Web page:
Climate-Land Interaction Project (CLIP) in East Africa
David J. Campbell firstname.lastname@example.org (Principal Investigator)
Jennifer M. Olson (Co-Principal Investigator)
Bryan C. Pijanowski (Co-Principal Investigator)
Jeffrey A. Andresen (Co-Principal Investigator)
Jiagou Qi (Co-Principal Investigator)
The intensity and spatial reach of contemporary human alterations of the Earth's land surface are unprecedented. Land use and land cover change (LULCC) are among the most significant of these human influences. Many studies demonstrate the influence of LULCC on local and regional climate which, when aggregated, may significantly alter the global climate. Meanwhile, climate change related to increased atmospheric concentrations of greenhouse gases is expected to considerably affect people and ecosystems due to altered temperature and precipitation patterns. While significant research has focused on global climate modeling and socioeconomic drivers of land use change, an integrated assessment at the regional scale of coupled human-climatic systems is required to address the question: “What is the magnitude and nature of the interaction between land use and climate change at regional and local scales?” An international multi-disciplinary team, including social, ecological, atmospheric and statistical scientists, will address this question by exploring the linkages between two foci of global change research, LULCC and climate change, which until now have had largely independent scientific paths. A major goal of global change science is to obtain a more reliable estimation of future climatic conditions. This goal increasingly requires high resolution regional scale climate modeling that includes feedbacks between the land and atmosphere. This project is among the first to complete the loop of land use/climate/land use impacts assessment. Its contribution is in analysis of the complex linkages among components “how does land use change affect climate, and how will climate change affect land use?”. These linkages will be examined through analysis and modeling of agricultural systems, land use change, the physical properties of land cover, and regional climate dynamics. East Africa, with its variety of ecosystems, wide range of tropical climatic conditions, areas of rapid land use change, and a population vulnerable to climatic variability, will be the location of the research.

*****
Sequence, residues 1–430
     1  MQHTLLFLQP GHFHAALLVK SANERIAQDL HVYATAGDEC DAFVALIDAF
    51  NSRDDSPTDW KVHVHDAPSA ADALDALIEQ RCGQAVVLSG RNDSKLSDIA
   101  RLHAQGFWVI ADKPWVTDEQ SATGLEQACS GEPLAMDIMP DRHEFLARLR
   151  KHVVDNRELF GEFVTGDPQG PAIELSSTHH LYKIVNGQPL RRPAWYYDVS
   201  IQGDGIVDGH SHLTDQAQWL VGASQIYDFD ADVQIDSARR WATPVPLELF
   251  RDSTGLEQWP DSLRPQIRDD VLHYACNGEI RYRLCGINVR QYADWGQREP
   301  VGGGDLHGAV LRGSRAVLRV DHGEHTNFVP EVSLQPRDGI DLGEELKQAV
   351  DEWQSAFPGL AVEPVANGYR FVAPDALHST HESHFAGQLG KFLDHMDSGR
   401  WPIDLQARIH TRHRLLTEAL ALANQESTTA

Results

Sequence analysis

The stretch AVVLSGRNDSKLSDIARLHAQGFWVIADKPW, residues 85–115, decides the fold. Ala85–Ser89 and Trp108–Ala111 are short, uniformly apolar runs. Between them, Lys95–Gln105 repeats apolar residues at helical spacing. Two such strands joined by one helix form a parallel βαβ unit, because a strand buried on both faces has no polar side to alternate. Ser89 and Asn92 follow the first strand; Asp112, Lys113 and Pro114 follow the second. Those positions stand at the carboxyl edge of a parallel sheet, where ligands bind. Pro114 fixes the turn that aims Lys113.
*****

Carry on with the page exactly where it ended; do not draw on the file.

The project (see Figure below) will integrate: (1) future local level climate scenarios derived from downscaling of global climate models; 2) information derived from detailed long-term case studies of LULCC; (3) models to project LULCC from local to regional scales; (4) analyses of time-series satellite imagery to translate the effects of LULCC on land surface characteristics; (5) net primary productivity simulations; and (6) a regional climate model parameterized using local land surface parameters.
The culmination of our work will be a series of climate-land system feedback experiments identifying the magnitude and nature of interactions between land and climate dynamics at regional scales. We will characterize these interactions in terms of the determining form of feedbacks, the strength of linkages, issues of spatial and temporal scales and the affect of “tipping points” on climate-land interactions. In addition to addressing many fundamental climatic, ecological and socioeconomic questions, the research will be tightly integrated with the education of students from elementary school to graduate school; it involves capacity building for young and mid-career American and African scientists, as well as outreach to various stakeholders from local to international communities.
Forecasts of land use are being made using the Land Transformation Model. Rainfed agricultural expansion is being estimated using population, local towns, location of roads, soils, crop yield potential and climate. An example simulation is shown here: